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Aim: The study aimed at isolation and preliminary characterization of anaerobic bacteria from a special crossbreed of Muturu and N’Dama cattle found in parts of Nigeria.
Study Design: The work investigated the suitability of the isolates in in vitro fermentation of biomass and evaluated the relationship between the bacterial flora and their ability to hydrolyse lignocellulosic materials from corn stover and rice straw as an indication of their potential application in animal feedstuff.
Place and Duration of Study: Ahmadu Bello University,Zaria, Nigeria between 2011 and 2013.
Methodology: Authentic isolate confirmation was done using AP120A isolation technique while bacterial enzyme quantification was by real time PCR. The substrate was digested in vitro, and Hungate roll tube technique employed for bacterial culturing.
Results: Isolates confirmation revealed Actinomyces naeslundii, Fusobacterium necrophorum and Clostridium polysaccharolyticum. The mean colony counts were elevated in all the media culture used which further showed significant (P<0.05) difference between rumen fluid medium and medium 10 in Fusobacterium and Clostridium species, indicating a more suitable medium for bacterial culture. Corn stover gave significant biogas volume in the order, corn stover>rice straw> mineral solution. Similarly, the potential ability of the bacteria to produce biogas decreased as follows, Fusobacterium necrophorum >Clostridium parasaccharolyticum>Actinomyces naeslundii. PCR quantification revealed a 5500 bp gene indicating alcohol dehydrogenase.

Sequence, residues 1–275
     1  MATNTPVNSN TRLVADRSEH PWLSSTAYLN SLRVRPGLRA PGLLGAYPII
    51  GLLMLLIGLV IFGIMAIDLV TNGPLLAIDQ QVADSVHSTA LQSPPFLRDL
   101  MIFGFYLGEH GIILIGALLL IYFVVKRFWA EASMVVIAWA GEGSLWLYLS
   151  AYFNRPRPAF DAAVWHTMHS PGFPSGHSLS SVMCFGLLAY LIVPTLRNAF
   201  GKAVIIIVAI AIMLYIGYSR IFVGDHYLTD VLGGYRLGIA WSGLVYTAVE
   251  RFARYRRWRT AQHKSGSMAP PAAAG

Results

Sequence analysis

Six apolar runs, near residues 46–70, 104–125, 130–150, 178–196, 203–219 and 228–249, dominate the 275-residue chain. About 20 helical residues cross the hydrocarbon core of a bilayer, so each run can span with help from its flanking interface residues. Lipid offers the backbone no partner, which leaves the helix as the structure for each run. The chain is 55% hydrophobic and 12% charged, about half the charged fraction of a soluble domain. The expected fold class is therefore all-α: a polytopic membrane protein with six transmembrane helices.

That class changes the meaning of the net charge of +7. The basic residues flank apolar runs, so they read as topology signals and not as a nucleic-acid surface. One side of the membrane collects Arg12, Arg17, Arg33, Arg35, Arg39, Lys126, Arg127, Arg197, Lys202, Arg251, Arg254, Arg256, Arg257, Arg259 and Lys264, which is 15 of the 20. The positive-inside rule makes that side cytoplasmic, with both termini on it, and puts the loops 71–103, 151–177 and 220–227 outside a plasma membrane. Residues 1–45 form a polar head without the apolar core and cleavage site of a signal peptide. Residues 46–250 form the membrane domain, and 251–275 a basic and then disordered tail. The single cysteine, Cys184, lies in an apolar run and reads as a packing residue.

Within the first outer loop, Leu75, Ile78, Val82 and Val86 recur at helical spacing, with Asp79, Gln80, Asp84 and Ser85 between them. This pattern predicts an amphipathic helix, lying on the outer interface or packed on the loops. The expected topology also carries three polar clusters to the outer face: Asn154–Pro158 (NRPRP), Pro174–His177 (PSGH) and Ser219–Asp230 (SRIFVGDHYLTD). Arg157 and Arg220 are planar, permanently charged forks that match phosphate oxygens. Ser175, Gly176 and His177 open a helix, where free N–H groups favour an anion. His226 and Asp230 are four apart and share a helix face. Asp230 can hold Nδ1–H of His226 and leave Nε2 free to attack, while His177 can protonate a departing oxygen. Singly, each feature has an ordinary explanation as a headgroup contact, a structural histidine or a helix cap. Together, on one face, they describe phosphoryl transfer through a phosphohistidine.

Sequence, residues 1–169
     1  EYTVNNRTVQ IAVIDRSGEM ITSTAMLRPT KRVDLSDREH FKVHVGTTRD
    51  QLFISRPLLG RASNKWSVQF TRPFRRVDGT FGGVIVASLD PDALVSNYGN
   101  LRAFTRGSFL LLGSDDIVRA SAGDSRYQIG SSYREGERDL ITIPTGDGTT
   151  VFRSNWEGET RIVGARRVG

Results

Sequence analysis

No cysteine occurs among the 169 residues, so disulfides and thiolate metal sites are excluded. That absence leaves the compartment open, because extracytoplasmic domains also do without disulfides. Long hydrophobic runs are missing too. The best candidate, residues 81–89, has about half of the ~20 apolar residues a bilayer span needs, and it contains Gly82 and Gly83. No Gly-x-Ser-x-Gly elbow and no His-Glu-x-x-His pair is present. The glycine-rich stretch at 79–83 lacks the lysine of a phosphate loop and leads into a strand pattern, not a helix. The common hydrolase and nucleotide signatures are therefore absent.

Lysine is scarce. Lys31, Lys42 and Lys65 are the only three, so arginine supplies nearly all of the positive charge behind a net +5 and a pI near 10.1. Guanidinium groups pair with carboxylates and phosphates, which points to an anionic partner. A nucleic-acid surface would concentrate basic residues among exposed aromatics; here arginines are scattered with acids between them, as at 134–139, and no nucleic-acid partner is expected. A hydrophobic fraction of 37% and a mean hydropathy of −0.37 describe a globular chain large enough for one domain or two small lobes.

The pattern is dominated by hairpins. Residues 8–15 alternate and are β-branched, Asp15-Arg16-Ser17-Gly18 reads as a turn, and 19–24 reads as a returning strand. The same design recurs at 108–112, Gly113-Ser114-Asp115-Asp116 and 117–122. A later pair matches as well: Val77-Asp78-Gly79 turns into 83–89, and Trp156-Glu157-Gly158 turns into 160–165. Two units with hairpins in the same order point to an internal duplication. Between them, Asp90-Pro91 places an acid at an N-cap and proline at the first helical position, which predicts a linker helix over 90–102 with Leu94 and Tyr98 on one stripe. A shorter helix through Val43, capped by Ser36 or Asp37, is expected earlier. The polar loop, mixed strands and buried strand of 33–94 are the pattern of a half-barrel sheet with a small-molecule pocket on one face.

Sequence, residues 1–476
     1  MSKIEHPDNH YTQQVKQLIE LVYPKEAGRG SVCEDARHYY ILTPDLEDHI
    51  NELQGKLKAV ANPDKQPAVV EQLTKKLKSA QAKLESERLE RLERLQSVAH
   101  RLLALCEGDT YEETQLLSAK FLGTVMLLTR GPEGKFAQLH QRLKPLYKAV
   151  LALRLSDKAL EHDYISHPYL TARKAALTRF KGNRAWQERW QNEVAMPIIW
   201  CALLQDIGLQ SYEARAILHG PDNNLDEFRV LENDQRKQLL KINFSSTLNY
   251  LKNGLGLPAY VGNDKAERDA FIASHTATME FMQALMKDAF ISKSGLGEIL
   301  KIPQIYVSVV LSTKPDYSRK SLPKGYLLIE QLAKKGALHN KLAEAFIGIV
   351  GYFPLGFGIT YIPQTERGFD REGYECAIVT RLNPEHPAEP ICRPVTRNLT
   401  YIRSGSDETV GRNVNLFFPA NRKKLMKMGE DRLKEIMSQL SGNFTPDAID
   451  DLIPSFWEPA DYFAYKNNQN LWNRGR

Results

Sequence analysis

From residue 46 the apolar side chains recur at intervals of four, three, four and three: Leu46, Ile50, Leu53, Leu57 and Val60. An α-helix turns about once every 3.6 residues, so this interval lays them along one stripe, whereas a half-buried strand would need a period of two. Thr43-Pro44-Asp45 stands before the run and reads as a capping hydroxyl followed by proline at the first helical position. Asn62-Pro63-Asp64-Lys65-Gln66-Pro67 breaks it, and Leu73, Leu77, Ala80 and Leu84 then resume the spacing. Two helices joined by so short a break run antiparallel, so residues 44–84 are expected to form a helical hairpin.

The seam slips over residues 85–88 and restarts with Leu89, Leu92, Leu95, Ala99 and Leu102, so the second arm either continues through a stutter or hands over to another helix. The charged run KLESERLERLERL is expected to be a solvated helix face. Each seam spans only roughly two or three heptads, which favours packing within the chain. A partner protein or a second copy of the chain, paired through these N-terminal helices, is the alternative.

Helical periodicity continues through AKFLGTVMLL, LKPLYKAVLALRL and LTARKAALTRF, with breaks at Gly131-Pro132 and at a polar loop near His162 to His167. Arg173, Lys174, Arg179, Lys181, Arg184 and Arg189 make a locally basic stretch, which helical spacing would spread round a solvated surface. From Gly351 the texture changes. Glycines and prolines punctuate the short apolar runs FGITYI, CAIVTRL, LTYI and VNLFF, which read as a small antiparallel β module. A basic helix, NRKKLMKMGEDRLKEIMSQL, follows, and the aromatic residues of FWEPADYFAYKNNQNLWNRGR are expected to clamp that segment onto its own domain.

Conclusion: The rumen of this breed contains useful bacteria species with increased capacity to degrade agricultural waste (biomass) for biogas production and with higher digestibility efficiency that can be employed in feedstuff production. Additionally, Fusobacterium necrophorum produced higher biogas using corn stover as the optimum yielding biomaterial.